University of Arkansas School of Law alumni are located in all 50 states, the District of Columbia, two territories and 20 countries. The school’s friends broaden its reach further. Here, you can find information on what individuals, corporations and foundations are doing to support the School of Law and its strategic objectives.
Jason Bailey (J.D. ’15) has joined the Memphis office of the United States Equal Employment Opportunity Commission. In this capacity, he prosecutes employment discrimination cases in federal court on behalf of the EEOC and provides legal advice to investigators. Bailey recently completed a two-year clerkship with the Hon. Susan O. Hickey (J.D. ’81) U.S. District Judge for the Western District of Arkansas.
Steve Clark (J.D. ’71) is the emcee for Unreliable Sources! the 2018 Northwest Arkansas Gridiron. The show, an annual satirical look at politics and culture, is a joint production of the local chapters of the Society of Professional Journalists and the American Association of University Women. Current and former journalists produce and perform the spoof of local, statewide and national news to raise funds for journalism scholarships. The show runs Oct. 12-13 at the Arkansas Public Theatre in Rogers. Tickets are available on the Northwest Arkansas Gridiron website. Clark is the president and CEO of the Fayetteville Chamber of Commerce.
Clifford M. “Joe” Cole (J. D. ’82) is the author of The Piggott Boys, a newly-released book about the northeastern Arkansas town and its citizens during WW II. Cole, who practiced law in Memphis for years, now practices in his home town of Piggott. He and his wife also operate the Piggott City Market, located on the town square, that carries locally-produced products and crafts. Cole and the book are the subject of Rex Nelson’s Sept. 26 column “The Piggott Boys” that appeared in the Northwest Arkansas Democrat Gazette.
Janie Simms Hipp (LL.M. ’96) has been named executive director of the newly-created Native American Agricultural Fund. The fund was created with a portion, $266 million, of the cy prés funds resulting from the settlement reached in Keepseagle v. Vilsack, a landmark 1999 case filed by George and Marilyn Keepseagle, both Standing Rock Sioux, charging the U.S. Department of Agriculture with systemic discrimination against Native farmers and ranchers. Hundreds of other Native farmers and ranchers later joined the suit. The fund is the largest philanthropic organization devoted solely to Native Americans. Its mission is to promote the continued engagement of Native Americans in agriculture by “funding of business assistance, agricultural education, technical support and advocacy services to Native American farmers.” Read Steve Dubb’s article “The Difficult Birth of a New American Indian Fund" in the Nonprofit Quarterly.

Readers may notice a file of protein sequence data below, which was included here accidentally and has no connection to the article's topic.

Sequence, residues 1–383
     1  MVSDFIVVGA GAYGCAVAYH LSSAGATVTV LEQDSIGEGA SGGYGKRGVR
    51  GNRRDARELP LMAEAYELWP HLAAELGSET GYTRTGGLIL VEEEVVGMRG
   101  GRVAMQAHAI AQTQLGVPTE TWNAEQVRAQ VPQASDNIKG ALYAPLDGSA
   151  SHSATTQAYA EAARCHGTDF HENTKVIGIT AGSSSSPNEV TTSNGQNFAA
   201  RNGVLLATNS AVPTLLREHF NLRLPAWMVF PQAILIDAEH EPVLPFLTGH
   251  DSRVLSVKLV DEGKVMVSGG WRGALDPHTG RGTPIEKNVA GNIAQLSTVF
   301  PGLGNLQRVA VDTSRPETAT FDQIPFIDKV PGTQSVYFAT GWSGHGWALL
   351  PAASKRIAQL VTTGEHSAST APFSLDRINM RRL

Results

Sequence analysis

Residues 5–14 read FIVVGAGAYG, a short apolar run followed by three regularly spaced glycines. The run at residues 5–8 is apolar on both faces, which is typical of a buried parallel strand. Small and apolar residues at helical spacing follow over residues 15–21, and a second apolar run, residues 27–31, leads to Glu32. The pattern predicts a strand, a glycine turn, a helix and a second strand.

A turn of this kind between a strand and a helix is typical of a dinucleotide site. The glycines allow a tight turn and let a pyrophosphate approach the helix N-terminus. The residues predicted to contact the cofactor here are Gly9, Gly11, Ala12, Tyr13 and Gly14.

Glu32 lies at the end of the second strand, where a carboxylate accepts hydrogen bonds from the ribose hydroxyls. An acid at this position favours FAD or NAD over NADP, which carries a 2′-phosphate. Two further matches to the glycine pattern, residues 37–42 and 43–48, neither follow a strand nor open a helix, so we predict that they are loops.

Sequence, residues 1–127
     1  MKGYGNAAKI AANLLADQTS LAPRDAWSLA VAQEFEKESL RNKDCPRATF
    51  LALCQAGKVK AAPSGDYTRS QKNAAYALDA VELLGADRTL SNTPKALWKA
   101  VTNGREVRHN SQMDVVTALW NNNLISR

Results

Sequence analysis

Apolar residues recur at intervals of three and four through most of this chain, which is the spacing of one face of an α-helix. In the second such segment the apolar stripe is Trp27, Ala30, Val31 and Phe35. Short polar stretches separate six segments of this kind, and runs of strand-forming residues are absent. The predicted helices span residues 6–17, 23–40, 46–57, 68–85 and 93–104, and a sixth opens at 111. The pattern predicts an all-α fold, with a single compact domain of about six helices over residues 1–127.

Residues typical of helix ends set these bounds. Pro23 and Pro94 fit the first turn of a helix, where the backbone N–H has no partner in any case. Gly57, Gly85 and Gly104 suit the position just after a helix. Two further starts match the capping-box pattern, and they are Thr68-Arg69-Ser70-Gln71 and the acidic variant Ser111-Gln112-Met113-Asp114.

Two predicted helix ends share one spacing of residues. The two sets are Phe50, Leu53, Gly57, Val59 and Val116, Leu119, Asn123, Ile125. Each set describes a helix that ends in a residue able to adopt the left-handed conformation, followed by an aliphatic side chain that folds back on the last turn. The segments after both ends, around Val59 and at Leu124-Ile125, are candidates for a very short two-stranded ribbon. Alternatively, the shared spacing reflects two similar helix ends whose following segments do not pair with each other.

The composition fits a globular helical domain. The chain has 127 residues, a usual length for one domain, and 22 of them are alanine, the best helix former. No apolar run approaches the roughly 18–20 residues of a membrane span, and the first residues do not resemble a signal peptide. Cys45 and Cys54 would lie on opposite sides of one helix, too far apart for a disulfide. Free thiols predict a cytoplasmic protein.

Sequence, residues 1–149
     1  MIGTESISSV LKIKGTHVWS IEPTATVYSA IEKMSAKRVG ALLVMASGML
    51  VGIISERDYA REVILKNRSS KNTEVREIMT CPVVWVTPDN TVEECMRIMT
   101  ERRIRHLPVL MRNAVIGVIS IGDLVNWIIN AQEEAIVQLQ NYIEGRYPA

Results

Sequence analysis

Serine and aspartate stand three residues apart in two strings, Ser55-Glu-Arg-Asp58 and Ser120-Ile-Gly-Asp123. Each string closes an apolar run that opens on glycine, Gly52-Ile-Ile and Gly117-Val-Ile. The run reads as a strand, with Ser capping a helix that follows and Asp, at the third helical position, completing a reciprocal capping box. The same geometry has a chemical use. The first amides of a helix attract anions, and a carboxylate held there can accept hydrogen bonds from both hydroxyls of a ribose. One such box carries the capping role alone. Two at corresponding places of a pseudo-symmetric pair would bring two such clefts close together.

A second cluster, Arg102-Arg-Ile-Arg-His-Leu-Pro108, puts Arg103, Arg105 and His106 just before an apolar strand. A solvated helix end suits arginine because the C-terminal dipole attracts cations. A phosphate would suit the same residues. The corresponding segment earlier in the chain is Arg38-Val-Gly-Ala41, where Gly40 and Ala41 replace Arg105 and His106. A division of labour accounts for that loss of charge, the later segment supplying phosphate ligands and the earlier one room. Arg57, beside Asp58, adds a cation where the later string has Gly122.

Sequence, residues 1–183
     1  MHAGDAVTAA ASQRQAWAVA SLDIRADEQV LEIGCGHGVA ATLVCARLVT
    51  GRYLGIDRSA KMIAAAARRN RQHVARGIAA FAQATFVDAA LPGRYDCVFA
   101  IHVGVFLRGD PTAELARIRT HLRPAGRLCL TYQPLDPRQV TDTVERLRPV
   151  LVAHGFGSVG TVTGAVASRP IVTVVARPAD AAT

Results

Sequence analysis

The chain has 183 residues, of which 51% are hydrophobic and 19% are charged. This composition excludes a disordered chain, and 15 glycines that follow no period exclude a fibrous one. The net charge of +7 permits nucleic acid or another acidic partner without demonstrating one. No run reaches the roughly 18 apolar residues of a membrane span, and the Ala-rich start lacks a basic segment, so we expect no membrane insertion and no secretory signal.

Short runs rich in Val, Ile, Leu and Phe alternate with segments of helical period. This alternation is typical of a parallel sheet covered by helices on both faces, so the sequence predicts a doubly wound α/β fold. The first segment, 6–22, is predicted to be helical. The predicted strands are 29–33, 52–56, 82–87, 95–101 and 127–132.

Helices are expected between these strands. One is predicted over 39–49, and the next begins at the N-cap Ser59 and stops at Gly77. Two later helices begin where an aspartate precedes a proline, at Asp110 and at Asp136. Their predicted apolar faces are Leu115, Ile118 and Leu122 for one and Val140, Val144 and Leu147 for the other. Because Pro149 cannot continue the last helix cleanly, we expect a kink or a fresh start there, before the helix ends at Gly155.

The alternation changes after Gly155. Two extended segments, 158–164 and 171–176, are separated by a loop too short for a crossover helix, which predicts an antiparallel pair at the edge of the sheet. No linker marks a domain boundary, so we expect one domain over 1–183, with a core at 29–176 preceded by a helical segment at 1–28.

Meredith Lowry (J.D. ‘05) was honored as the Northwest Arkansas Business Women’s Conference 2018 Young Woman of the Year at the organization’s conference held in Rogers on Sept. 18. The award is presented to a woman who makes significant contributions to her community. Lowry is active in organizations and committees such as the ArtinFusion Council at Crystal Bridges Museum of American Art, the development committee of the Single Parent Scholarship Fund of NWA, the planning committee of the Fayetteville Chamber of Commerce Leadership Fayetteville program and the Alzheimer’s Association’s annual Blondes vs. Brunettes Flag Football game. Lowry is an intellectual property attorney at Wright Lindsey and Jennings.
Khuong B. “Alex” Nguyen (J.D. ’17) has joined the Kansas City office of Shook Hardy and Bacon. Nguyen recently completed a clerkship with the Hon. Lavenski R. Smith (J.D. ‘87), chief judge of the U.S. Court of Appeals for the Eight Circuit.
Sarah Cotton Patterson (J.D. ’00) has been appointed as an adjunct professor of tax law at the University of Arkansas Little Rock William H. Bowen School of Law. She replaces Byron M. Eiseman Jr., who retired after teaching at the school for 50 years. Cotton and Eiseman are colleagues and members of the Trust and Estate Planning Practice Group at Friday Eldredge and Clark in Little Rock. Cotton also holds an LL.M. in taxation from New York University School of Law.
J. Shepherd “Shep” Russell III (J.D. ’78) was honored by the Arkansas Arts Center with the organization’s Winthrop Rockefeller Memorial Award at the annual meeting of the organization held Aug. 20 in Little Rock. Russell has supported the center for more than 30 years and has previously served as president of the board of trustees. He is the managing partner of Friday Eldredge and Clark in Little Rock and focuses his practice exclusively in the area of public finance.